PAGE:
Blog by: Sharada
Never before has the word GOAT (Greatest of All Time) been tossed around in the men’s tennis world as it is being done in the present days. With Rafa Nadal inching closer to Roger Federer’s tally of 17 majors, both these players have ended up to be the protagonists in the ever-interesting tale of being the greatest players of the men’s tennis realm.
In this yo-yoing context, it is also interesting to note the changes in perspectives and perceptions of the term which makes it quite a subjective affair rather than an objective presentation and thus by extension, a thoroughly grey-shaded ambit. Where Rafa’s total majors win count is pitted against the Swiss’ haul of 17-majors, one cannot help but insert about the former’s superiority over the latter in their head-to-head meetings. And while this tilts the balance slightly in favour of Rafa, Federer’s consistency then invariably turns the scales towards him.
The unmistakeable involvement of several past players – with a similarly astounding career repertoire – then gets added to the mix, further compounding the issue instead of making it a straight-forward and simpler affair to dissect. But the upside of such innumerable juxtapositions between the past and present is that tennis isn’t restricted to merely a collection of names and accumulating titles, by one or two players, anymore.
For, with each passing tournament, there is someone who makes it to the record books. Like Novak Djokovic, who just completed 100-weeks as the world no. 1 and before that, went on achieve the singular standing of being the first male player in the Open Era to win three consecutive Australian Open titles. Or Andy Murray who finally won the much-talked about Wimbledon crown for Great Britain after a drought of nearly eight decades.
These then aren’t names that make momentary appearances but are ones that have come to be perceived as the best possible ‘present’ and ‘future’ that the sport can offer. Aspects like rivalries, which bear quite a saying when it comes to determining and discussing the murky area of being ‘greatest’, have thus come to be far more pronounced elements considering that domination hasn’t been restricted to one player at any given point of time.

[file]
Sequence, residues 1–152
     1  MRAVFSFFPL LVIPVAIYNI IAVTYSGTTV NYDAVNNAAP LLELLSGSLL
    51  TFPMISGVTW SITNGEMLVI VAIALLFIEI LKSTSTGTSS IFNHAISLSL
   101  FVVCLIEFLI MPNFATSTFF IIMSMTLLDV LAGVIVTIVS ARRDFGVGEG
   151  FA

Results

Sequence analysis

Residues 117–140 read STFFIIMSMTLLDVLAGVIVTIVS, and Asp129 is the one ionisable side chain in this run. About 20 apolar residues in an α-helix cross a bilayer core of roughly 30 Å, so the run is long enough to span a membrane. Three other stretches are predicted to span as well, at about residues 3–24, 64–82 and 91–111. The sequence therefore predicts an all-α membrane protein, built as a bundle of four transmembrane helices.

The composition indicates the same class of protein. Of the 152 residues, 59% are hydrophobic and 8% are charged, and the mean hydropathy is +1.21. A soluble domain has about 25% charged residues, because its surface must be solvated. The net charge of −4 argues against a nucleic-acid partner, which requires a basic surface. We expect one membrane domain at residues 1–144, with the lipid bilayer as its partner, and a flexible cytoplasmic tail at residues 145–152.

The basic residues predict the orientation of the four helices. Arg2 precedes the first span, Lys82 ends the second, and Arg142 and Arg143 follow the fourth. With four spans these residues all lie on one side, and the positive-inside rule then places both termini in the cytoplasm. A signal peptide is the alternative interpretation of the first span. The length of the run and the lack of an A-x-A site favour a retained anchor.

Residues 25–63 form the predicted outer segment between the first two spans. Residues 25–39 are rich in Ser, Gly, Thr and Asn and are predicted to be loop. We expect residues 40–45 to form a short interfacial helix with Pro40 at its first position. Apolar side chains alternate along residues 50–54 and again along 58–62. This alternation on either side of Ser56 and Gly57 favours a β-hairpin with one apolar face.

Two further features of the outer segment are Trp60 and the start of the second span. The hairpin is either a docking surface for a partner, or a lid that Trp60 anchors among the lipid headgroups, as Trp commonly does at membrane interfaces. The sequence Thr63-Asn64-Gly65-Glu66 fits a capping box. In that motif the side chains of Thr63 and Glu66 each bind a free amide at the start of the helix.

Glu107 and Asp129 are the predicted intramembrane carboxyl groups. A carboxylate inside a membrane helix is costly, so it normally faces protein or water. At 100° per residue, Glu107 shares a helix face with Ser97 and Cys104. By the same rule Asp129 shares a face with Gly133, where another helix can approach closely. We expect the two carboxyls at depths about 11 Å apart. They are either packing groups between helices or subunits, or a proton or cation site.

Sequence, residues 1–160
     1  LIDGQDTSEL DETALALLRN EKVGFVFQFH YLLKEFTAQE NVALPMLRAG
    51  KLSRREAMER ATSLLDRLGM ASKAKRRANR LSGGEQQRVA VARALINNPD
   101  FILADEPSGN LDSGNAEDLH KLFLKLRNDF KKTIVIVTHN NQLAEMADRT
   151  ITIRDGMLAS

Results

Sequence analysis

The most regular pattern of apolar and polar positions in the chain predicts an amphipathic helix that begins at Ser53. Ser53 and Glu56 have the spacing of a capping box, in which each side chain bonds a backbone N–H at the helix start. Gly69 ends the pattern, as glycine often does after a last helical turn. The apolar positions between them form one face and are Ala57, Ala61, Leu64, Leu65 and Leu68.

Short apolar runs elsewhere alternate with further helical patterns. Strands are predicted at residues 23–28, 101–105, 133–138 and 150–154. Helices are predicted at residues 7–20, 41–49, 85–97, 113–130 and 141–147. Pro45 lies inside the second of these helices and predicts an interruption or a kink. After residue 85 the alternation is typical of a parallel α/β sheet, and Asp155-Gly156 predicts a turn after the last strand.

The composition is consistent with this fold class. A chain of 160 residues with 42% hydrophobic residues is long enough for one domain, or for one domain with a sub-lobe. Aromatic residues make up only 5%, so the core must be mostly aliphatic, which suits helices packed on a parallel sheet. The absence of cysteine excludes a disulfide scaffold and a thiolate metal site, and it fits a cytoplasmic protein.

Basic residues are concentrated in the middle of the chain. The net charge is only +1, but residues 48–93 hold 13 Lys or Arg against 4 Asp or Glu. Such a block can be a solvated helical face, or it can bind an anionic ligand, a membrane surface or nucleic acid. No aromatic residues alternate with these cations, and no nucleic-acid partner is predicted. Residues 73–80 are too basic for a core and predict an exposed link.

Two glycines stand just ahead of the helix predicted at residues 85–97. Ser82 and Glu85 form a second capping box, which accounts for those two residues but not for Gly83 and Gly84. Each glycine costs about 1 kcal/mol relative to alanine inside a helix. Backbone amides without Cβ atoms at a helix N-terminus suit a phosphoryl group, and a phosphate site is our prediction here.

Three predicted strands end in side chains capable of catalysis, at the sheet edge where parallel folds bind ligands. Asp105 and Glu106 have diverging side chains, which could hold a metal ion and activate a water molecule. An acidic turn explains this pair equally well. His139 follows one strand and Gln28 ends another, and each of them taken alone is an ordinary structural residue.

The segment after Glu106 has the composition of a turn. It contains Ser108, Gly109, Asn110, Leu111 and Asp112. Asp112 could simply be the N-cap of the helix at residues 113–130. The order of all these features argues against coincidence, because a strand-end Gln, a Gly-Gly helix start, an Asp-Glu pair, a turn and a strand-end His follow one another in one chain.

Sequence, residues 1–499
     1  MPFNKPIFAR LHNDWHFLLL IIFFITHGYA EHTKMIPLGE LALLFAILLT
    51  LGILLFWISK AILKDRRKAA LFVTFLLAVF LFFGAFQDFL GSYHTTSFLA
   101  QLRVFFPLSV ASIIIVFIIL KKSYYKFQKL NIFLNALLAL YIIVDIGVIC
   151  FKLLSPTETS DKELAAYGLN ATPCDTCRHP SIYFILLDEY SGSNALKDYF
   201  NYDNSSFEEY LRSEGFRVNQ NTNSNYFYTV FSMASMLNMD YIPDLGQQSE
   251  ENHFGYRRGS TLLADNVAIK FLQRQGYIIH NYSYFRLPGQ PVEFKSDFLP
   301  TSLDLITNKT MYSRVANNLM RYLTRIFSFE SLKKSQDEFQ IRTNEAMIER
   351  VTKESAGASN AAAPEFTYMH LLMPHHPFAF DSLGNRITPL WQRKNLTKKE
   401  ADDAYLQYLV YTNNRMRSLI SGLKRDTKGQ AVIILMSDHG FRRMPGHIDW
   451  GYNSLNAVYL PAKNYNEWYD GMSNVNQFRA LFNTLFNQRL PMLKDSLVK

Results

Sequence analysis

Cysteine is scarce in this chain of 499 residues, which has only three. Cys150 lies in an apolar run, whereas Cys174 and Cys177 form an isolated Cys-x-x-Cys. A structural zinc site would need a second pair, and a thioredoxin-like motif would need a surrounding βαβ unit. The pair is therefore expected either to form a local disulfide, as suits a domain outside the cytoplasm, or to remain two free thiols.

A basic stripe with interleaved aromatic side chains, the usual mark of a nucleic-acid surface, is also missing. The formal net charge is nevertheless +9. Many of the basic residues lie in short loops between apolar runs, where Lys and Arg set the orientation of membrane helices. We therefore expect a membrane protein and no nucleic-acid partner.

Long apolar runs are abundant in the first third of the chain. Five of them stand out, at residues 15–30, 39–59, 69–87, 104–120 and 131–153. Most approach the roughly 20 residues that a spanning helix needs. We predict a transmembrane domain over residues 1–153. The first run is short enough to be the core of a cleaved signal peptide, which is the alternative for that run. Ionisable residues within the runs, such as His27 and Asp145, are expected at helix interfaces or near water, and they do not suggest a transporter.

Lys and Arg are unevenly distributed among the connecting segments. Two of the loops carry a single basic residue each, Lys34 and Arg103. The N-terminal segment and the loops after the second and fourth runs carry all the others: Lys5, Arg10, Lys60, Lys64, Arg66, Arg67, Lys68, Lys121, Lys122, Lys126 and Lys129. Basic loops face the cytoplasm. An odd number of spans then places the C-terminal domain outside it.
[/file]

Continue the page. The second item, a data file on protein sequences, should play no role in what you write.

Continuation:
Greatness thus has become difficult to interpret too, considering that the player with a comparatively clear consensus to be the GOAT may not have the edge over his nearest rival in their match-ups; case in point – as referenced earlier – Rafa Nadal and Roger Federer. But merely on account, one can’t then overrule one for the other. For, even though Nadal may have bested Federer on various occasions, their head-to-head isn’t that vastly lopsided in the Spaniard’s favour when it comes to grass and hard-courts. Moreover, to substantiate Federer’s case specific to the French Open, the tangibility that he’s not only made it to four French Open finals, but has also won it once – alongside winning most of the other assorted clay court tournaments – then gives him due credibility as being proficient on clay as much as on the other playing surfaces.
The chain of thoughts thus continues to swirl round and round with no particular end in sight. Like a catalyst triggering a reaction, standpoints and counter-standpoints start to bubble forth, lingering on and around this issue with regard to both these players year-after-year, without fail. This season it was all about Nadal’s emphatic return to the game after an injury-ridden gap of almost nine months and Federer’s sudden slump in tournaments and the rankings. A few years ago, the topic of GOAT circulated around Federer’s run of invincibility and Nadal’s battles with injuries. And who knows, a year down the line, the subject of greatness would be broached not just between these two players, but amongst three – possibly even four – of them, thus adding yet another obscurely defining trajectory to the existing opinion count.